'If it was up to me' Bannon would 'be gone', says Scaramucci

'If it was up to me' Bannon would 'be gone', says Scaramucci

Speaking to TMZ, he said: "I have, for the last decade, been an active gay rights and marriage equality supporter, particularly here in New York City but [also] around the world".

Bannon sees himself as the defender of Trump's nationalist base and has advocated for both an end or renegotiation of trade deals and a more isolationist approach to foreign affairs than McMaster. He reminded reporters that the former CEO of Breitbart News had joined his campaign relatively late a year ago.

The president doubled down on that dismissiveness at Tuesday's press conference, distancing Bannon from his unexpectedly successful presidential campaign. "I think the press treats him very unfairly". He was surprisingly loath to vent about the administration that ruined his reputation, displaying a baffling loyalty that the Trump White House does not reciprocate.

Bannon, the former leader of conservative Breitbart News website, has been a contentious figure in a divided White House for months and has been viewed as on the outs before.

But the short-lived White House communications director notes, 'it's not up to me'.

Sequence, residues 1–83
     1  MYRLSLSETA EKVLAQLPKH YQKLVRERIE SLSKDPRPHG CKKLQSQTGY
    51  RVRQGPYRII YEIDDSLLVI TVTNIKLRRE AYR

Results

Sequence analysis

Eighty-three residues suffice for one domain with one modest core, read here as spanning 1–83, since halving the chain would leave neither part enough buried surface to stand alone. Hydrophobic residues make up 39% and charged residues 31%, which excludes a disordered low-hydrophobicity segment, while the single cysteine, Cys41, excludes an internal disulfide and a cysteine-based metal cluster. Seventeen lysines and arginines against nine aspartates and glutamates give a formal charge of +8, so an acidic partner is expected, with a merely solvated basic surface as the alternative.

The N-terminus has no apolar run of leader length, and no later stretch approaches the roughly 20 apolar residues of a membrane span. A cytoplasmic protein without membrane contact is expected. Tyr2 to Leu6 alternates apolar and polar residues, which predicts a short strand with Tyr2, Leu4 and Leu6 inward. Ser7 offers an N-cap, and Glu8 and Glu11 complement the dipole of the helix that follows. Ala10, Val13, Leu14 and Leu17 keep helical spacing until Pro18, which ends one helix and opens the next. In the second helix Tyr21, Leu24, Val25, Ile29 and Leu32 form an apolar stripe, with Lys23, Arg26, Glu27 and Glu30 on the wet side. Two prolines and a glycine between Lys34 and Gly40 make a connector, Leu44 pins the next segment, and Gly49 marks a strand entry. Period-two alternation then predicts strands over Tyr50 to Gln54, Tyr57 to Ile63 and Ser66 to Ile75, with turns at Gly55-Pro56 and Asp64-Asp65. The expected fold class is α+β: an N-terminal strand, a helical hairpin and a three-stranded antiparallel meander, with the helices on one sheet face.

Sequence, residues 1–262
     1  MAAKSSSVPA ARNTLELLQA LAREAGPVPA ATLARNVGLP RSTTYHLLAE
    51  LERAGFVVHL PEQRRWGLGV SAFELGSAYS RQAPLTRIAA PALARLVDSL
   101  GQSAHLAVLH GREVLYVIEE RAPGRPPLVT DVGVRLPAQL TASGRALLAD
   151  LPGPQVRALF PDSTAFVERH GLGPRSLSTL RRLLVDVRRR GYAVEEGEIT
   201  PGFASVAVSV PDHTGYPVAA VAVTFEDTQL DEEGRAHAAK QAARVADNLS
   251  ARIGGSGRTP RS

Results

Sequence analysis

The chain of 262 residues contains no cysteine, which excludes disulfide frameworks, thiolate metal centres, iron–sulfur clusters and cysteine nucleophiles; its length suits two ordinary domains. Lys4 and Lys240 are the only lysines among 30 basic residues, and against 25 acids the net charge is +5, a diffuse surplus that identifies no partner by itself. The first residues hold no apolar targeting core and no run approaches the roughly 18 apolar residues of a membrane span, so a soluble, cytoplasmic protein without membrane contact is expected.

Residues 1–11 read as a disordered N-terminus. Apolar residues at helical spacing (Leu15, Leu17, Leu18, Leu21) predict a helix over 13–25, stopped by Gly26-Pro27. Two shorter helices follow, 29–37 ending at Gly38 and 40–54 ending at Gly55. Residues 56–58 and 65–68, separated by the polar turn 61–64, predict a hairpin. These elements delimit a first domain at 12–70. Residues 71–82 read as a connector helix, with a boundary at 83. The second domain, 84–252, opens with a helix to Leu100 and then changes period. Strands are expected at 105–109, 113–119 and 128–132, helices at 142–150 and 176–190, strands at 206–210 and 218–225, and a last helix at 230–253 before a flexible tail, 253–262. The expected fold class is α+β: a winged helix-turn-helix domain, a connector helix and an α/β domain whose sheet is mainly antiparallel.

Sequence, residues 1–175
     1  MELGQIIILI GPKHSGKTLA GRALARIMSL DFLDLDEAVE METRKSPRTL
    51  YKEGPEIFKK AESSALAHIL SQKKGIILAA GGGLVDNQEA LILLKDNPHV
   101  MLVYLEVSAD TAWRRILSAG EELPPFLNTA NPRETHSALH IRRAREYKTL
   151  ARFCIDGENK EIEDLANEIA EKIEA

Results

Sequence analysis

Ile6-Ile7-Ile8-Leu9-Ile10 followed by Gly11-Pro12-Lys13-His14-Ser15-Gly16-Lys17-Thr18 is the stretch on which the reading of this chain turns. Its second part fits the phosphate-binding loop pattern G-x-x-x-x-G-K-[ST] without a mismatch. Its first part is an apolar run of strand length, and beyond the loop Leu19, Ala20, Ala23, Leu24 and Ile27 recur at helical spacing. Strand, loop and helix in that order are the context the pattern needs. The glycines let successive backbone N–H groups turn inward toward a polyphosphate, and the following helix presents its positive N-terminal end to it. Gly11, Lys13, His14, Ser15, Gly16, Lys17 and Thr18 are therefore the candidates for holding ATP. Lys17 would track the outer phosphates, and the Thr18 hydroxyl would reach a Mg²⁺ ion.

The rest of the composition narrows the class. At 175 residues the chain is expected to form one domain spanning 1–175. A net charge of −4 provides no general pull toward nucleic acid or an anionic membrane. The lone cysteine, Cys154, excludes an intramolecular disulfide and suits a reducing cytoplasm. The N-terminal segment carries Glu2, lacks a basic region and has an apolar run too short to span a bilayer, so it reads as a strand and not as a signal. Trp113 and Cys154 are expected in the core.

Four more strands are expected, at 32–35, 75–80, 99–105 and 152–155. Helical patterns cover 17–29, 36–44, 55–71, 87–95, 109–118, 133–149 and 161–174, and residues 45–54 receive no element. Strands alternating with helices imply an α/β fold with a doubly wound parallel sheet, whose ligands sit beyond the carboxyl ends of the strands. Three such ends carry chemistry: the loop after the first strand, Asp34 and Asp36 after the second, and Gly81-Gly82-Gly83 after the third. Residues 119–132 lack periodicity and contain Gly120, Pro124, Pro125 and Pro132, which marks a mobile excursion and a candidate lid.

The protesters began leaving following the President's arrival at Trump Tower. Colbert unveiled that Anthony Scaramucci will be sitting with him on Monday.

Trump has not said if who will join his council as replacements.

United States sanctions: Iran aims to boost military spending in retaliation
He further said American officials should be aware that the legislation was just the first step against anti-Iran measures. The bill still needs to pass a second vote before it is delivered to a clerical body for review and passage into law.

He added: "With the moral authority of the President you have to call that stuff out". We want jobs, manufacturing in this country. "Mr. Bannon came on very much later than that, and I like him, he's a good man". Scaramucci said he believed the president reacts in a way that while purposely stir the media.

Anthony Scaramucci, who served a ten-day term as Donald Trump's Communications Director, has insisted he's a "gay rights activist".

And amid the violent protests erupted in Charlottesville, Virginia, the late-night host seemed to disagree on Trump's compassion.

The Late Show is hosting the 'Mooch, ' and Stephen Colbert couldn't hold his excitement. Following the deadly events of the weekend, where white supremacists created a deadly fracas in Charlottesville, Va., Scaramucci still chose to defend a president that has come in for criticism from politicos across the ideological spectrum.

"I thought I would last longer than a carton of milk", Scaramucci said. "It's not serving the president's interests". "He's got to appeal to people who are independents and moderates".

The source close to Mr. Bannon said his adversaries inside the White House are getting "desperate" to oust him before special counsel Robert Mueller's investigation into Russian Federation ties gains momentum and potentially forces out others close to the president. This is a last-ditch desperation play.

However, Trump would not offer his chief strategist the kind of unequivocal support that could credibly pass for job security.